Best and Bad Practices for the Visually Impaired in Public Transport: Appraisal and Implementation of Solutions

Best and Bad Practices for the Visually Impaired in Public Transport: Appraisal and Implementation of Solutions


Christian Vogelauer, WU Vienna, Elmar W.M. Fürst, WU Vienna


Presentation and appraisal (economical, technical and benefical) of best and bad practices for sight impaired in public transport. Deriving of guidelines and policy implications.


Public transport should, as might be assumed, allow for the mobility needs of all members of society to be fulfilled. This prerequisite should hold true whether the respective person is “just” the regular commuter on her or his way to work, the child on the way to school or the student travelling to university. However each of these persons has their individual needs and possibilities in coping with the barriers imposed on them. The commuter might be physically impaired and using a wheelchair, the child might not already be able to read and the student might suffer from impaired sight. All of these persons not only have a need of using public transport services but are entitled by law to receive the same opportunities as unimpaired passengers.
This unhindered access to the daily mobility provided by public transport services however is rather seldom met. On the one hand this is due to public transport companies not having enough knowledge and awareness on the specific needs, barriers and possible solutions for impaired persons but also due to slack standards and regulations allowing authorities and providers to circumvent barrier-free re-designing of the existing systems. As can be deducted it is an absolute necessity to investigate the respective target groups separately to gather group-specific information that can then be translated into feasible plans for barrier-free designs.
By far the largest group of handicapped persons requiring public transport systems for their daily mobility are persons with sight impairments. They constitute roughly 4-7% of the overall population with a concentration on urban regions due to improved support options. Therefore it is economically relevant to public transport providers to optimally service sight impaired persons within their respective systems. Furthermore, solutions improving the accessibility for this group unfold their effects to all groups using their visual sense while at the same time improving the comfort of public transport.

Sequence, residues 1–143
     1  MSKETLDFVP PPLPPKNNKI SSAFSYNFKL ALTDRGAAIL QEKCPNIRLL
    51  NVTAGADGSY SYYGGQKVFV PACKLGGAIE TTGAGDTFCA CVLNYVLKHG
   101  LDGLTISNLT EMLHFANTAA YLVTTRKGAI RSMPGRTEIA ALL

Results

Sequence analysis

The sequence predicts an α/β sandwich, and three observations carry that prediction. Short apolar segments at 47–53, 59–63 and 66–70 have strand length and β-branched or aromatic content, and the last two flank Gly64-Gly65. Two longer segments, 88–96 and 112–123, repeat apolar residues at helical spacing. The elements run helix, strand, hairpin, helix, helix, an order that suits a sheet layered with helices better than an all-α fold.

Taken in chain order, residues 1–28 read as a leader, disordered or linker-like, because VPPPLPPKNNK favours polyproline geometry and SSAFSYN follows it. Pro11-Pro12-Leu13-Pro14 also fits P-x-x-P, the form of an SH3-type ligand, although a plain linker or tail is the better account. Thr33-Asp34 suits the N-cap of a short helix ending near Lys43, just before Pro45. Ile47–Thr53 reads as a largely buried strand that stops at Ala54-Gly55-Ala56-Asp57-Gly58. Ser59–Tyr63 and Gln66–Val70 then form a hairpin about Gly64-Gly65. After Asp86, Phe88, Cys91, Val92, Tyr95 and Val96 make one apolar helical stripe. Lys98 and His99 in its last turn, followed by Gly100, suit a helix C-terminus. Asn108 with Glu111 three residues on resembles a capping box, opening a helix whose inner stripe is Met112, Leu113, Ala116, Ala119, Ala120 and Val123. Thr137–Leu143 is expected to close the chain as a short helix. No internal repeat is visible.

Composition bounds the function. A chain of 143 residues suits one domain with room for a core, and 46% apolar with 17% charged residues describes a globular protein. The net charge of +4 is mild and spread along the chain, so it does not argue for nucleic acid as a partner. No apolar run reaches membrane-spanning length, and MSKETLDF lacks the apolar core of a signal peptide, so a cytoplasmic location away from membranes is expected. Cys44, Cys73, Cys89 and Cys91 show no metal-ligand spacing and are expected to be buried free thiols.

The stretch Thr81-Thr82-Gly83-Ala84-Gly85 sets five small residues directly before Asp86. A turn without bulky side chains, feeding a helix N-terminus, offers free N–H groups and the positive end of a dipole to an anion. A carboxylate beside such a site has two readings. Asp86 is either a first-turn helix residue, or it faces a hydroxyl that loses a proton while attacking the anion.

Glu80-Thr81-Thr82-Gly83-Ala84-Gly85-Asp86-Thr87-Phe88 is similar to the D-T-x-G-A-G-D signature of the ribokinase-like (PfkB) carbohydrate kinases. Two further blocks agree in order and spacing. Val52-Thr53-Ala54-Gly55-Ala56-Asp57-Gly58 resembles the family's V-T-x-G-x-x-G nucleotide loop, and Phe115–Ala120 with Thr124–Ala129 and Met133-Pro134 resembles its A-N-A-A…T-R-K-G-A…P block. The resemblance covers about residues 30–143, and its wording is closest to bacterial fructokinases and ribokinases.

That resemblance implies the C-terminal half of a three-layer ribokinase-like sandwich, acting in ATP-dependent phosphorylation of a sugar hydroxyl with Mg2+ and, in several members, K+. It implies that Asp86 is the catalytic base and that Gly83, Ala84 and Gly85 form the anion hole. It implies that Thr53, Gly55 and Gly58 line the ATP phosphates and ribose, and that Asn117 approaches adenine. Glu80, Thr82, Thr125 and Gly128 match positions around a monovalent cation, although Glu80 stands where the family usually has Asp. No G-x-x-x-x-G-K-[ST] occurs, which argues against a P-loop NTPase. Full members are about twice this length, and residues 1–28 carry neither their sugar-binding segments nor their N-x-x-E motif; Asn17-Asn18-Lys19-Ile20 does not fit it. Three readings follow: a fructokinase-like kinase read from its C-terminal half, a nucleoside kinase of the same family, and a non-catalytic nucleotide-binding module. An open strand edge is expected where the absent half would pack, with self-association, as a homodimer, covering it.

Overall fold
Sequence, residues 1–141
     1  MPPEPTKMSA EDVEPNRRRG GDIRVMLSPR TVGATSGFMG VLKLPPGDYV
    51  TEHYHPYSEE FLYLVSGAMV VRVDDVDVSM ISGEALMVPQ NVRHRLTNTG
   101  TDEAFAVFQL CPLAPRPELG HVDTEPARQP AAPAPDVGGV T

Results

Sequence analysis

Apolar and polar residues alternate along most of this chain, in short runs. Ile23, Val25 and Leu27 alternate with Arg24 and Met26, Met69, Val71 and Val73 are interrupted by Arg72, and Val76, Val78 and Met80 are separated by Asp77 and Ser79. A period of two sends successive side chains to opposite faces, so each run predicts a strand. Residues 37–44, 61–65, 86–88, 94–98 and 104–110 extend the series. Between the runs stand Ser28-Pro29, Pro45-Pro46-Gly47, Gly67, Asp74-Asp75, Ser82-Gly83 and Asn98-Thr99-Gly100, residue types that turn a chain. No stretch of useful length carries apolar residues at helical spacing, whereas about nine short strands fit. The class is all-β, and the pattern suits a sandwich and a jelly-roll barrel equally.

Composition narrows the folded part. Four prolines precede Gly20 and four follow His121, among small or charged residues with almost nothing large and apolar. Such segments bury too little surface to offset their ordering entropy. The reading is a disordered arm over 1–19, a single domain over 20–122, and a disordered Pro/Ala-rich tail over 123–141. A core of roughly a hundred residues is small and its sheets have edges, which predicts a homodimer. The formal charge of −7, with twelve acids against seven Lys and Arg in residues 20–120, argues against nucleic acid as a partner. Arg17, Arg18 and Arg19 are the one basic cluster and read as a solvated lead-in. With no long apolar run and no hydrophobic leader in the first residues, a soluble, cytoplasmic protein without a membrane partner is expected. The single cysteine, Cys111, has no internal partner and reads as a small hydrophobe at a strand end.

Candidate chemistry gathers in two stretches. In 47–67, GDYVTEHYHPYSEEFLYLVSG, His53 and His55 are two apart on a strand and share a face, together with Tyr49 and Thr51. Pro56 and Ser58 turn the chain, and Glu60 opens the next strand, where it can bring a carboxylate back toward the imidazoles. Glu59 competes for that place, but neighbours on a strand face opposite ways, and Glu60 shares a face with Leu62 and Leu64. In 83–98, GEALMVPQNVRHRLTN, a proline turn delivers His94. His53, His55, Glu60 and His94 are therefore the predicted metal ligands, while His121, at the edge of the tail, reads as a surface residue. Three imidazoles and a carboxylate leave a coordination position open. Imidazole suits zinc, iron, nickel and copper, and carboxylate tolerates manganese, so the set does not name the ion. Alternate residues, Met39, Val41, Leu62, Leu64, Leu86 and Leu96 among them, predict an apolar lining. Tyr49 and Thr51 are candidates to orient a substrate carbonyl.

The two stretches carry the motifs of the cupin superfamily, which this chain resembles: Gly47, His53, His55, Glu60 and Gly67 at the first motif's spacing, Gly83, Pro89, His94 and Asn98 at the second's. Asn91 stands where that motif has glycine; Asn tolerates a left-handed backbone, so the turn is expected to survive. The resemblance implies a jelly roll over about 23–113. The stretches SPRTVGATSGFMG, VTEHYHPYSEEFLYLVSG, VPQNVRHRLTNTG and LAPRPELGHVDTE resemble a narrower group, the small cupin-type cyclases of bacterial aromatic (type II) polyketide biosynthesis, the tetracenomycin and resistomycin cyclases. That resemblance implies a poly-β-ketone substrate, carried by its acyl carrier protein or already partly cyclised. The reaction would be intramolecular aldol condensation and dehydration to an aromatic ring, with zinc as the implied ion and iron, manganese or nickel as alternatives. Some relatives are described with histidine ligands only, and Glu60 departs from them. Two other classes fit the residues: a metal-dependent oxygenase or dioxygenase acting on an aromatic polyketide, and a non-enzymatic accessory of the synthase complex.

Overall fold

In a large scale research project at the Institute for Transport and Logistics Management of WU Vienna the needs and barriers to sight impaired passengers in public transport were investigated and evaluated. Based on these findings, possible solutions were developed and best and bad practices throughout Europe were identified. These practices were then rated with a newly developed indicator method incorporating the benefits to the target group as well as the technical and economic feasibility.
The proposed article represents the third and final publication on the topic of “Sight impaired in public transport”. With it, we will close the circle of the last two European Transport Conferences. We are going to present the – appraised – (by our newly developed indicator) best and bad practices of solutions currently employed in public transport systems. On this basis, we are going to derive guidelines for public transport operators and public authorities on how to best address the needs of sight impaired passengers in their systems, while also keeping them economically efficient.


Association for European Transport